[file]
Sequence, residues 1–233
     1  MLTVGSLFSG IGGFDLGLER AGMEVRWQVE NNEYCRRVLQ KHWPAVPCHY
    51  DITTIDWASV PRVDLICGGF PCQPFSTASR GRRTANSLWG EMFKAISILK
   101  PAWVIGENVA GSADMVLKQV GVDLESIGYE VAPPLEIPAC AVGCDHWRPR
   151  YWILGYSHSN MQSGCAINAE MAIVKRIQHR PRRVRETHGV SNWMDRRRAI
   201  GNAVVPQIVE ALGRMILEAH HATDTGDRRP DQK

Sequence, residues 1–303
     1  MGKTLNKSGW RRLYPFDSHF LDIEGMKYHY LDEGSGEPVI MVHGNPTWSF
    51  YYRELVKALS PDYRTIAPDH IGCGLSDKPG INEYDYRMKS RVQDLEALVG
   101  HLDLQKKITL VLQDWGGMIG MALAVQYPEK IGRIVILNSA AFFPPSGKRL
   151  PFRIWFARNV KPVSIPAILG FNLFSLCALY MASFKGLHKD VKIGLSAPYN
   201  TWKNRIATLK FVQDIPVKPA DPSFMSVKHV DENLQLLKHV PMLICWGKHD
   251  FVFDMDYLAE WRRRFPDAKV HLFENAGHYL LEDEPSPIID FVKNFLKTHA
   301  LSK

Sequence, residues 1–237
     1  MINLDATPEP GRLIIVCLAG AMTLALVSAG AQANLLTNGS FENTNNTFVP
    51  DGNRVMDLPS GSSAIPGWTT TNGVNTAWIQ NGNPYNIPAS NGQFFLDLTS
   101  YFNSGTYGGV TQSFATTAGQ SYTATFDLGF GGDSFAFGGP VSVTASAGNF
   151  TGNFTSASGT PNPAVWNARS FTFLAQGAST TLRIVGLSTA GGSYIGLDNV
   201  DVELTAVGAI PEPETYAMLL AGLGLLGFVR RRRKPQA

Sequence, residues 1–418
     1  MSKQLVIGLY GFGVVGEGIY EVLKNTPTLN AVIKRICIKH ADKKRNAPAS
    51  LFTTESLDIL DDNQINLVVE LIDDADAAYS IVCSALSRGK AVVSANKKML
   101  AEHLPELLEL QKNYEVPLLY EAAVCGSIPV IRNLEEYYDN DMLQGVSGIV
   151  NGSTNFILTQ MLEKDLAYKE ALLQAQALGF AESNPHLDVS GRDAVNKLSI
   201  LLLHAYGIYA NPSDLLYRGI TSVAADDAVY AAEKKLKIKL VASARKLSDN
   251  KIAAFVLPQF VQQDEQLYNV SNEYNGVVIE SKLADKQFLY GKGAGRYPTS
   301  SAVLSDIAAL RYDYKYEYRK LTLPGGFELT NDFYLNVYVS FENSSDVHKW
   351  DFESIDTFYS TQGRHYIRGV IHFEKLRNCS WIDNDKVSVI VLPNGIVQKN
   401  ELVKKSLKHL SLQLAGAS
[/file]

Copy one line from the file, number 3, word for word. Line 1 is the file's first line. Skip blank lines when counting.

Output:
    51  DITTIDWASV PRVDLICGGF PCQPFSTASR GRRTANSLWG EMFKAISILK